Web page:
By Alex Distefano
By Scott Snowden
By Anna Merlan
By Steve Almond
By Jena Ardell
By Jon Campbell
By Alan Scherstuhl
By Tessa Stuart
"People need to learn," Barr said, "that we're all subject to having our privacy invaded. . . . These laws will dramatically change the way we go about conducting our society."
They already have, as these conservatives, including Barr, well know. Norquist, explaining his presence at an ACLU-sponsored gathering, told Salon that previously he'd thought the ACLU and liberals would take care of threats to the Constitution. But, he said to the Dallas Morning News, "I'm not sure given the Republican control of the House and the Senate and the government that we can count on our left-of-center friends to look out for some of these issues."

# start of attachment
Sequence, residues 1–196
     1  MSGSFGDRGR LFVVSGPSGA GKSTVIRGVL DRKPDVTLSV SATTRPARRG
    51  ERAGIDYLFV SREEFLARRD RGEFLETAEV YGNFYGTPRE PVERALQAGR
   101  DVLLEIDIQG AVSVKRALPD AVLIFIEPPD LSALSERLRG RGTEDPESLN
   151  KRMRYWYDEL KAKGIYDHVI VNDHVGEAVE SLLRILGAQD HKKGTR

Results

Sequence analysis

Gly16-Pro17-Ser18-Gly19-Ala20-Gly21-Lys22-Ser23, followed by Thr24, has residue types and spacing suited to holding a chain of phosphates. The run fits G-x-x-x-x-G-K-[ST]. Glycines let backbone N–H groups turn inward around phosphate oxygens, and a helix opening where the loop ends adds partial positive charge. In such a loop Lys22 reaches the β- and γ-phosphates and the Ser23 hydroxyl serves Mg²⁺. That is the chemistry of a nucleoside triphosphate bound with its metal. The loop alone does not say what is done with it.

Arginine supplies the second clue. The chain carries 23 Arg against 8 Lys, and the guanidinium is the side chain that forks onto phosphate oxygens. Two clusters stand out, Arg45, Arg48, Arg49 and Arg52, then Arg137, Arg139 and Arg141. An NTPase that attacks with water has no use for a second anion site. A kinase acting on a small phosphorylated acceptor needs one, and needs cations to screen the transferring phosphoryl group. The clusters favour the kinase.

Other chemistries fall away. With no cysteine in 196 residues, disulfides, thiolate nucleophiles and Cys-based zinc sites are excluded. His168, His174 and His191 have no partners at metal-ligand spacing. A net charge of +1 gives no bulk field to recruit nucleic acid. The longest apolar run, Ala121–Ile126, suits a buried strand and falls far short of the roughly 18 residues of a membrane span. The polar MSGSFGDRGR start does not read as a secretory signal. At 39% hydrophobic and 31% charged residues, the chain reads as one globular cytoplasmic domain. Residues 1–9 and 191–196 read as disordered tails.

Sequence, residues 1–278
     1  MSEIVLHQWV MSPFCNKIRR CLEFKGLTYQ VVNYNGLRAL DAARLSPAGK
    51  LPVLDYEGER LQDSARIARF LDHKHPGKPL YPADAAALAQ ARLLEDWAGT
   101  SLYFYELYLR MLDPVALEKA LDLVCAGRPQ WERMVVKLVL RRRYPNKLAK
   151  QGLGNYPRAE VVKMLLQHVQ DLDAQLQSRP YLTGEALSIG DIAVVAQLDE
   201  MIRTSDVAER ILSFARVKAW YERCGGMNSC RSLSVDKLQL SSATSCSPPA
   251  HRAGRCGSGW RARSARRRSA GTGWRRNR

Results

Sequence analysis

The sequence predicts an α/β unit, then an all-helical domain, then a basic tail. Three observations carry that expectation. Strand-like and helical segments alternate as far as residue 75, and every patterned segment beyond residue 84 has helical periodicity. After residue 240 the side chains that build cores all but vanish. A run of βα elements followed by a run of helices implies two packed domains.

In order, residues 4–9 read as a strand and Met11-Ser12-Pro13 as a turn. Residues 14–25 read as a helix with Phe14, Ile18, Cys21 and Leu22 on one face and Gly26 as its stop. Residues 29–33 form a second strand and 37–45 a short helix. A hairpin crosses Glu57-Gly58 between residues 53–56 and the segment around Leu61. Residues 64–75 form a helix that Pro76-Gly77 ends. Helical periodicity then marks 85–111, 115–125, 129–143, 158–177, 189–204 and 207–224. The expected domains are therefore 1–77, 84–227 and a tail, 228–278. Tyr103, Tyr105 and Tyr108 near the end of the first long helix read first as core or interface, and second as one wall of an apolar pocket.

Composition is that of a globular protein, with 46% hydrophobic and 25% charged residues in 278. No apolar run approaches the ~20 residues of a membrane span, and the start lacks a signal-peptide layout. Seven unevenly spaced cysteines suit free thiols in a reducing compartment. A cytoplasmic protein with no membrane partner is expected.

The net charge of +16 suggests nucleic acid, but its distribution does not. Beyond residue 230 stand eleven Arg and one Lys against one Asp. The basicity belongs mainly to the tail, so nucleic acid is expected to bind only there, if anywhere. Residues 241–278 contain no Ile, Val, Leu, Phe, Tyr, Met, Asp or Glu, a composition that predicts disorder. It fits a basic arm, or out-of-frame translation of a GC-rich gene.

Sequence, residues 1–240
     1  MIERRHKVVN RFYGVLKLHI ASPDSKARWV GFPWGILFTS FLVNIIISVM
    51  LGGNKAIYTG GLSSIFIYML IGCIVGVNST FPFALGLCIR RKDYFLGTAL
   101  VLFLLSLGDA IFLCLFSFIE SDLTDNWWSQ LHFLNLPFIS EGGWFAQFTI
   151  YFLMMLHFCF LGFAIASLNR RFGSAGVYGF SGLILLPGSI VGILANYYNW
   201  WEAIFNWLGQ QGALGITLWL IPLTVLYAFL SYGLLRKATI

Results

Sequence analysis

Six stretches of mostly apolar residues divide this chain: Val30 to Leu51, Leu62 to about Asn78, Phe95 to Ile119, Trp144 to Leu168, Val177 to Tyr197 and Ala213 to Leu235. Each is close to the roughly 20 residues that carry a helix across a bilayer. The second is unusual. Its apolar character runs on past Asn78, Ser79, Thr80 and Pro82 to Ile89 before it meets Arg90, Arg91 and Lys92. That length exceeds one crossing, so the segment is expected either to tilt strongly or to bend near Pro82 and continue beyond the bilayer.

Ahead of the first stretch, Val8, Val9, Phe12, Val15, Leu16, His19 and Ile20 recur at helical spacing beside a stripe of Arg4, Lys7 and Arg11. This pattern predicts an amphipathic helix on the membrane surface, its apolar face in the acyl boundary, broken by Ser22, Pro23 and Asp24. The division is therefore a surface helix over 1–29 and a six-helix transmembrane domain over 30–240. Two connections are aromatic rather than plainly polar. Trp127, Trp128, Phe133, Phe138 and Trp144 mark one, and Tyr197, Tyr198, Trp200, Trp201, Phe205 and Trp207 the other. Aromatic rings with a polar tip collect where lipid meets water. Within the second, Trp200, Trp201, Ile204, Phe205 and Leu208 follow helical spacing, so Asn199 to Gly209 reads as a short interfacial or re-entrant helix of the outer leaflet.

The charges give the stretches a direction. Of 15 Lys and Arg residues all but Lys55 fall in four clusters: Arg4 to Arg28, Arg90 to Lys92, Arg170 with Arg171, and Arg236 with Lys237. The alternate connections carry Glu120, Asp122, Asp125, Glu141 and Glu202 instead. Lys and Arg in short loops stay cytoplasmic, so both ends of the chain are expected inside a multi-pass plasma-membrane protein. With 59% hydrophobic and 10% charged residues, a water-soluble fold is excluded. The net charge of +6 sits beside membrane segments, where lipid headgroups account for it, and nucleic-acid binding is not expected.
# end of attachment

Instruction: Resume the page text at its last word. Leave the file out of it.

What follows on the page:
Especially since most of the congressional Democratic leadership has not been paying attention to diminishing constitutional rights. Grover Norquist told Jake Tapper that in his meetings "with 'friends' in the White House," he brings up the attacks on civil liberties "quite a bit" as "one of the top issues."
But Norquist's impact will not be on the uneducable Bush and Ashcroft, but rather on his fellow conservatives. Or so I hope.